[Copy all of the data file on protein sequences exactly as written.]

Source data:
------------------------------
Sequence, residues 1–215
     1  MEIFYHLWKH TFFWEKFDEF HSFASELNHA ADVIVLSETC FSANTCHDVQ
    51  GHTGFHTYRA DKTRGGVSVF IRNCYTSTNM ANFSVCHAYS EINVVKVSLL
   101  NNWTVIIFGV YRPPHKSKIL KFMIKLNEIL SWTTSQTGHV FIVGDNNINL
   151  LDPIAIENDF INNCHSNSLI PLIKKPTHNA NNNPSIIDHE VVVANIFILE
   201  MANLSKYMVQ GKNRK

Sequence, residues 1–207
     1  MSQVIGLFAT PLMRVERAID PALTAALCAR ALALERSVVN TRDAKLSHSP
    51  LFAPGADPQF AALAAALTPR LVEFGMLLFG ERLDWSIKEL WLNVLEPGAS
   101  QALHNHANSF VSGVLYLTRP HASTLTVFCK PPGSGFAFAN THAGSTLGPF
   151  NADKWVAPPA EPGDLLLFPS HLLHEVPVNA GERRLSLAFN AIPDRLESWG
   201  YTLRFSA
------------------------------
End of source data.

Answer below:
Sequence, residues 1–215
     1  MEIFYHLWKH TFFWEKFDEF HSFASELNHA ADVIVLSETC FSANTCHDVQ
    51  GHTGFHTYRA DKTRGGVSVF IRNCYTSTNM ANFSVCHAYS EINVVKVSLL
   101  NNWTVIIFGV YRPPHKSKIL KFMIKLNEIL SWTTSQTGHV FIVGDNNINL
   151  LDPIAIENDF INNCHSNSLI PLIKKPTHNA NNNPSIIDHE VVVANIFILE
   201  MANLSKYMVQ GKNRK

Sequence, residues 1–207
     1  MSQVIGLFAT PLMRVERAID PALTAALCAR ALALERSVVN TRDAKLSHSP
    51  LFAPGADPQF AALAAALTPR LVEFGMLLFG ERLDWSIKEL WLNVLEPGAS
   101  QALHNHANSF VSGVLYLTRP HASTLTVFCK PPGSGFAFAN THAGSTLGPF
   151  NADKWVAPPA EPGDLLLFPS HLLHEVPVNA GERRLSLAFN AIPDRLESWG
   201  YTLRFSA